NYAPRS Note: The Human Services Council released its very thoughtful and well researched assessment of the critical role nonprofits play and the mounting challenges they face, especially in the current environment. The report is packed with insight and analysis: please review it carefully. Here’s one particular recommendation it makes that is of critical importance to behavioral health providers.
Recommendation # 2: Ensure that the State’s restructuring of Medicaid is a win for beneficiaries, taxpayers, and human services providers.
In April 2015, the New York State Department of Health (DOH) began a fundamental restructuring of Medicaid intended to improve client care and contain costs. The new approach aims to reduce hospitalizations by 25 percent by revamping the delivery system, and transitioning reimbursement to value-based payments. Primary care will be integrated with behavioral services, including mental health and substance abuse services, and the evolution of the current, largely fee-for-service system to a fully managed care model will be accelerated.
The State recognizes that human services providers can be particularly effective in delivering the broad range of preventive interventions that will help New Yorkers become healthier. However, the program’s delivery and payment arrangements make their participation an enormously risky proposition. Major financial investments in information technology for appropriate medical recordkeeping and outcomes tracking, staff training, and new accounting and cash flow management systems, among others, are required. These investments will be recouped only if large health care systems designated as “gatekeepers” by the Health Department make referrals to them and if providers are able to establish that their interventions actually improve expected health outcomes. Those are two big ifs.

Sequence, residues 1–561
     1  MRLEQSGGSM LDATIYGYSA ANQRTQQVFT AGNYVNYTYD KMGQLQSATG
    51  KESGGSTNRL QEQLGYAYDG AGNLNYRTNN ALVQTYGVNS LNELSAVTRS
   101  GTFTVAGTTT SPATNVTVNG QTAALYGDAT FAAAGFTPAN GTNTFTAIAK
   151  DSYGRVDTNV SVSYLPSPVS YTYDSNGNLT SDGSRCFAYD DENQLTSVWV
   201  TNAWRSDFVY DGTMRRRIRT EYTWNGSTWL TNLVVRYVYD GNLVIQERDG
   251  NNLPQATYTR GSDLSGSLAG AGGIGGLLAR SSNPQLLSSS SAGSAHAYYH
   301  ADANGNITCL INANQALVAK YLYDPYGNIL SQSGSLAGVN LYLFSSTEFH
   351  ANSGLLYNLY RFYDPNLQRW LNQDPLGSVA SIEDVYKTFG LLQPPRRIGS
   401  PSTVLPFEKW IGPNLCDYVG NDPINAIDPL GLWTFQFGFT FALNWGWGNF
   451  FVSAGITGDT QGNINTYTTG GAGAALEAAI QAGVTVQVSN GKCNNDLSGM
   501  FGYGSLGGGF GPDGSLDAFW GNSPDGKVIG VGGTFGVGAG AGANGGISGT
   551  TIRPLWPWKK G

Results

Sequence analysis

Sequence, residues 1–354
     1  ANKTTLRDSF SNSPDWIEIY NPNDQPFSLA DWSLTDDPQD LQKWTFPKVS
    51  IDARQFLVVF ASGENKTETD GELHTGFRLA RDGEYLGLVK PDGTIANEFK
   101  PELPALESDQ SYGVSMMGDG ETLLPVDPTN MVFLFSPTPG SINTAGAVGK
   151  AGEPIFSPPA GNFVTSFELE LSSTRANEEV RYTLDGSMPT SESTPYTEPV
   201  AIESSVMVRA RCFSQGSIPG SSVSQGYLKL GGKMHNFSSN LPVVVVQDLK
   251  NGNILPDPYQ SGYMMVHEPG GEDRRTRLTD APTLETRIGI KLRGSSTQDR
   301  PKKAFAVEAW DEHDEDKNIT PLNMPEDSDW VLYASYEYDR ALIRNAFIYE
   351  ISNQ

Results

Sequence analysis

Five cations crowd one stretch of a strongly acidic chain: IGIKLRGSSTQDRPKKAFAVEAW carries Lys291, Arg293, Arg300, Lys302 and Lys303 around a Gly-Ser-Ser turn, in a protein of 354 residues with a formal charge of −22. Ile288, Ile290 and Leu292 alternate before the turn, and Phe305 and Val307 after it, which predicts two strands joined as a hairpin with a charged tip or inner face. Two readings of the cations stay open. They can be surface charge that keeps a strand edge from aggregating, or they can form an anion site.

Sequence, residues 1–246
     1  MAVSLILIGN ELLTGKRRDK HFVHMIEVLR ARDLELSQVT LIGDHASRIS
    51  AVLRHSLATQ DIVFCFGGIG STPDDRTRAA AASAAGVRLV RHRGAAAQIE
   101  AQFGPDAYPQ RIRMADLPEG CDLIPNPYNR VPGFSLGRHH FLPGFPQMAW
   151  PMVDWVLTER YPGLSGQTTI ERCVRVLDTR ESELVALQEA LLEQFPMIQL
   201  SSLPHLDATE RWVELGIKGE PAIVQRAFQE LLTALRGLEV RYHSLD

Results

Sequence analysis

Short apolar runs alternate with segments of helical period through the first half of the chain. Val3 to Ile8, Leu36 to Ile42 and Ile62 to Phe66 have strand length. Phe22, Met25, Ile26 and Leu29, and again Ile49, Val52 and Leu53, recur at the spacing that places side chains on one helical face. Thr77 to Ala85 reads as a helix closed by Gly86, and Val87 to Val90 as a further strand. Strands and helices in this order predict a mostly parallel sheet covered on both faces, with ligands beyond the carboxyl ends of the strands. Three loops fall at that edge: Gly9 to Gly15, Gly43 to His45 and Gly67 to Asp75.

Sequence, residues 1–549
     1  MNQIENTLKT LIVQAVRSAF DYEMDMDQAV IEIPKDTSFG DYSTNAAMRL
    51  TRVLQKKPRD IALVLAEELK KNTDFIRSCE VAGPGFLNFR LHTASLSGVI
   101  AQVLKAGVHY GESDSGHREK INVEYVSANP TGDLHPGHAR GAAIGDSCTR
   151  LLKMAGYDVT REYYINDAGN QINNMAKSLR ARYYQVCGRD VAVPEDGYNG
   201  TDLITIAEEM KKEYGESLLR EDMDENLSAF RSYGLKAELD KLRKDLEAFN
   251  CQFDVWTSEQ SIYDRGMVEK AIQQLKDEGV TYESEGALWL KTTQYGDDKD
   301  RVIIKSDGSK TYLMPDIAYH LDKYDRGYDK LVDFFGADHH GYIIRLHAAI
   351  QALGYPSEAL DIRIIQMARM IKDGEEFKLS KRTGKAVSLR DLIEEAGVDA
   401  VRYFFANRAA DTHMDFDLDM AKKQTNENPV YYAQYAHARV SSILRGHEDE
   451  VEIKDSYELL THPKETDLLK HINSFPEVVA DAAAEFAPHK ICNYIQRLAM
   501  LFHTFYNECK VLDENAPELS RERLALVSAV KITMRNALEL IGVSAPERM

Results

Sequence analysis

Providers are also vulnerable because little or no outcome data are currently available for them to plan their programs, and projected revenue can be impacted by a host of other unknowns, including potential reimbursement amounts, measures of health outcomes, claims processing timeframes, and disallowances—not to mention the added complexity in billing multiple insurance companies, each with its own eligibility rules and processes.
The State and federal government provided more than $7 billion to major health systems in New York State, which will help buffer the financial costs and risks of Medicaid restructuring, but there is no assurance funds will flow downstream to human services providers.